Telefónica Deutschland signed respective agreements with Vodafone and Deutsche Telekom for active network sharing across several hundreds of sites to deliver 4G coverage to customers Germany in areas where only one provider has service.
The German operators had already teamed up in 2019 to build out coverage in unserved “white spot” areas with an infrastructure sharing agreement for roughly 6,000 new sites. Tuesday’s announcement involves a different sharing set-up, where the partners grant each other mutual network access at certain locations where the other doesn’t have infrastructure. At those sites, 4G LTE service will be offered in the 800 MHz band.
Telefónica’s separate letters of intent with Vodafone and DT cover so-called “grey spots” – places that don’t completely lack 4G coverage, but where only one of the two parties offer mobile. They are focused on sparsely trafficked locations, away from major transit routes and outside residential areas.
With the 2019 infrastructure deal, each company was to set up an equal number of new cell sites that could then be used by the other partners and fitted with their own antennas and network technologies. Unlike the “white spots” or other site sharing deals, the new Telefónica (which operates as O2 in Germany) partnerships don’t need separate radio technologies or additional antennas installed.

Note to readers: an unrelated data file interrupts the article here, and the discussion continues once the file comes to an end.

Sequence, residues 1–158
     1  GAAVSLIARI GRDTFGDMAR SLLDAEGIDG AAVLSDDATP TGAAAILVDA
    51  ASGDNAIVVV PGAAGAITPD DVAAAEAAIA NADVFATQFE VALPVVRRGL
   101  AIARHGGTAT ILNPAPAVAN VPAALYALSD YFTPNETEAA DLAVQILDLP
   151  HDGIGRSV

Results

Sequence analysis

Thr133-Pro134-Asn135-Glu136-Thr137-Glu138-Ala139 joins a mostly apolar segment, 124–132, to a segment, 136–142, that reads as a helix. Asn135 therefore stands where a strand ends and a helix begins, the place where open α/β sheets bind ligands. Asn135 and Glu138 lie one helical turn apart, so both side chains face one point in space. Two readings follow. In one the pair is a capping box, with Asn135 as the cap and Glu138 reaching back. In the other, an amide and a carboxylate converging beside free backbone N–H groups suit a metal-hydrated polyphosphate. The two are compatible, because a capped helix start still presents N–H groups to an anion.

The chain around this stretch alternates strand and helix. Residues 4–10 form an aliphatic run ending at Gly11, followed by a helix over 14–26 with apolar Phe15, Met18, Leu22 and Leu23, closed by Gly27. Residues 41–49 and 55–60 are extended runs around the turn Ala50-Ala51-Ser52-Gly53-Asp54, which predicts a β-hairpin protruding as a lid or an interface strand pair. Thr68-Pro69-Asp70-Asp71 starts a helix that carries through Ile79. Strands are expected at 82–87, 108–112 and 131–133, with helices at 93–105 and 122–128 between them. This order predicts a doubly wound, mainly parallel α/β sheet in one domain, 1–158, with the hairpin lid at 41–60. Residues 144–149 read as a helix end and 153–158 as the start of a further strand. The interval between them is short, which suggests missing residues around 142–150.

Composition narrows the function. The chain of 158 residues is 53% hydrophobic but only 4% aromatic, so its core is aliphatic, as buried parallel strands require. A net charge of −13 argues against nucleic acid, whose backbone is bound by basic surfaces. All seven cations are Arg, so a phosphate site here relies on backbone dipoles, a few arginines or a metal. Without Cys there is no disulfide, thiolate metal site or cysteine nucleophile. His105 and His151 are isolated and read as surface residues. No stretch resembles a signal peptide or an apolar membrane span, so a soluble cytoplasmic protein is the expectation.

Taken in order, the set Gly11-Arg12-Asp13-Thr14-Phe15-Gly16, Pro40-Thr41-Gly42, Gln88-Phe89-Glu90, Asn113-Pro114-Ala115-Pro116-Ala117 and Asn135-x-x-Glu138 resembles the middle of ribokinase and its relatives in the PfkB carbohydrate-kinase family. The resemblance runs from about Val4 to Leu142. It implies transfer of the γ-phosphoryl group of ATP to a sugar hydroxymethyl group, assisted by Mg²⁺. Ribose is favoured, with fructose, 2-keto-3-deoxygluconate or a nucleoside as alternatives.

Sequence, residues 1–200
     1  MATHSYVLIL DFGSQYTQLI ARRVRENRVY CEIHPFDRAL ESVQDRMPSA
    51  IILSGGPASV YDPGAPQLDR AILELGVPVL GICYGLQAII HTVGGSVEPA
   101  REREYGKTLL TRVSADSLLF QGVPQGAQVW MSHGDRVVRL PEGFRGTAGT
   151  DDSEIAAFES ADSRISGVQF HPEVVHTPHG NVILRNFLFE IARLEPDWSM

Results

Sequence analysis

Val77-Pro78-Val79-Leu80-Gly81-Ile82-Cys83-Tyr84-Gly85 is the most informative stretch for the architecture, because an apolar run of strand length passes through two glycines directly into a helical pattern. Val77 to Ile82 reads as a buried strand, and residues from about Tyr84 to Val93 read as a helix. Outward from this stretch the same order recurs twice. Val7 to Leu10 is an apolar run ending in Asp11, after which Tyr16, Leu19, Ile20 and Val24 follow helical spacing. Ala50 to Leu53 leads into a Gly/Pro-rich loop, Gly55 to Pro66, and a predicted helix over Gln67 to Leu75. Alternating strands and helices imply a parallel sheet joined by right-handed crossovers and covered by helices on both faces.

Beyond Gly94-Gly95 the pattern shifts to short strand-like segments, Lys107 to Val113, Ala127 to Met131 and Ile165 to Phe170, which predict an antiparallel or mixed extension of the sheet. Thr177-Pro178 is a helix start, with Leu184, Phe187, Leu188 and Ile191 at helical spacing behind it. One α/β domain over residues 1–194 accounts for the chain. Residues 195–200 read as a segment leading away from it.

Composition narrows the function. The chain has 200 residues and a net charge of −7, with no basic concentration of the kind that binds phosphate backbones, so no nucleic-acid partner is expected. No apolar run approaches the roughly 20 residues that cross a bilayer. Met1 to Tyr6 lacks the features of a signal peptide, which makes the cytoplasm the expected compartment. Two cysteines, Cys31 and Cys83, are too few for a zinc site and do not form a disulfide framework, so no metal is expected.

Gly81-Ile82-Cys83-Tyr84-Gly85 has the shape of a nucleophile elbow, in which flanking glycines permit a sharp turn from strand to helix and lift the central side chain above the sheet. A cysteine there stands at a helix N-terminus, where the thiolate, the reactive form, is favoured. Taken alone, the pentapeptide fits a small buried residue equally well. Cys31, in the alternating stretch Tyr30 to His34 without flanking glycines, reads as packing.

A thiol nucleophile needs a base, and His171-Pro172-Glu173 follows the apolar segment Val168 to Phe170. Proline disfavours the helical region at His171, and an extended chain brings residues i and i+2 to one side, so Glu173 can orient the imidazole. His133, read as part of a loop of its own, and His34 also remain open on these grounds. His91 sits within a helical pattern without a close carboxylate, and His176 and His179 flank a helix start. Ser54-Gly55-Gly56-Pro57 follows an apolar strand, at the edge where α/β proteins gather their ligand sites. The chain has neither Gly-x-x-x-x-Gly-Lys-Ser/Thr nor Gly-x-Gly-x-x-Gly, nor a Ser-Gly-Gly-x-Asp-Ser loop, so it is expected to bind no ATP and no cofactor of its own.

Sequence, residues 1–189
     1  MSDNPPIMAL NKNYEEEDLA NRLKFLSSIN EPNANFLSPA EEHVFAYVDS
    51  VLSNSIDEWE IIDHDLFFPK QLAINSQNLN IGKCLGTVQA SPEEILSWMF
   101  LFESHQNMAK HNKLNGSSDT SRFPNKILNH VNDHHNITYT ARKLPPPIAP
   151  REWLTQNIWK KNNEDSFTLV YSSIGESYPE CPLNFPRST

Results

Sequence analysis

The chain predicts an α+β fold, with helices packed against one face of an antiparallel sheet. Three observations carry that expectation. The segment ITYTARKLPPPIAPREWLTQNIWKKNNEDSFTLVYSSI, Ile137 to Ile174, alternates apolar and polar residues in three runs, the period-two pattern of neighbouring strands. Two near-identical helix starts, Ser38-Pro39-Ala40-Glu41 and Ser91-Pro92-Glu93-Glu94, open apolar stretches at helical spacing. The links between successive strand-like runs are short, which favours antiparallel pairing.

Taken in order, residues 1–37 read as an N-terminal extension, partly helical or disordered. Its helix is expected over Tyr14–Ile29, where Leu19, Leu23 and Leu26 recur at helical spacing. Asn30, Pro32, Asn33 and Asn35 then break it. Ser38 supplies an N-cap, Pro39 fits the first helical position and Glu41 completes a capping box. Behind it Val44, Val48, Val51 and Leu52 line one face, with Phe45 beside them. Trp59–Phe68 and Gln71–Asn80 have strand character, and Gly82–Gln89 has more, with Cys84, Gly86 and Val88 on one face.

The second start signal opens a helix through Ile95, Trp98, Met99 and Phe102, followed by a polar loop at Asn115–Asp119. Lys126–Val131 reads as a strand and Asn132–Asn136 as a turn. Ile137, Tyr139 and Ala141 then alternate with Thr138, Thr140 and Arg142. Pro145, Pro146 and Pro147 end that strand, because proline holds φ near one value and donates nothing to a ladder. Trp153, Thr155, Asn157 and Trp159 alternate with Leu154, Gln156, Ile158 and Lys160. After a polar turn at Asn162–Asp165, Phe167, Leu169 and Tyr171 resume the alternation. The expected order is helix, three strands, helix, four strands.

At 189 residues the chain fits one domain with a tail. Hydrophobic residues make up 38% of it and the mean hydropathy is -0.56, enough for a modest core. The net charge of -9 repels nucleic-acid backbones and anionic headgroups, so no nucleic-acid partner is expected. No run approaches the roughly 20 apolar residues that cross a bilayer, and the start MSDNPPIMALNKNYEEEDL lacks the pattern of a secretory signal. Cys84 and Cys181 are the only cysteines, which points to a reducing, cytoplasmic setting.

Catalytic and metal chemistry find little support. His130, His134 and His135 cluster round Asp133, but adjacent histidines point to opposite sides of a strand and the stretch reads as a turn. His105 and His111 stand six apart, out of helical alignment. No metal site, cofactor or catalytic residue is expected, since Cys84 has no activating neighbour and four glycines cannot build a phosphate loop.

In a Tuesday note to investors, New Street Research analysts noted the grey-spot sharing agreements with Vodafone and DT cover 1,200 sites “which will help to support O2D’s network coverage, albeit this still falls short of the 4,000 grey spot sharing deal already announced last year between DT and Vodafone.”
In addition to filling coverage gaps, part of the motivation is cost. Deutsche Telekom cited the financial challenges of building and operating individual infrastructure using their own technology in these low-density areas.
“Joint projects like this are becoming increasingly important to network build-out – in both broadband and mobile communication. Together with Telefónica / o2 we can make an important contribution to providing better, uninterrupted LTE coverage in Germany,” said Srini Gopalan, managing director of Telekom Deutschland, in a statement. “We’re teaming up with our competition to ensure that even more people in Germany can use a better network. This agreement further attests to our conviction that digitalizing Germany works best through cooperation.”
European operators like Telefónica, DT and Vodafone have been quicker than U.S. carriers to show interest and sign on to active network sharing deals as a way to bring down costs of building out and expanding coverage.
The German mobile operators had voiced issues previously over impacts of coverage requirements imposed by regulators in connection with Germany’s 5G spectrum auction.
“We are creating even more network with fewer masts: cooperations like these strengthen Germany’s infrastructure – and bring reception even to places where it previously left much to be desired. All of this shows that whether in white or grey spots, network operators are moving closer together through fair partnerships for an even better network experience for all of their customers,” said Vodafone Germany CEO Hannes Ametsreiter in a statement.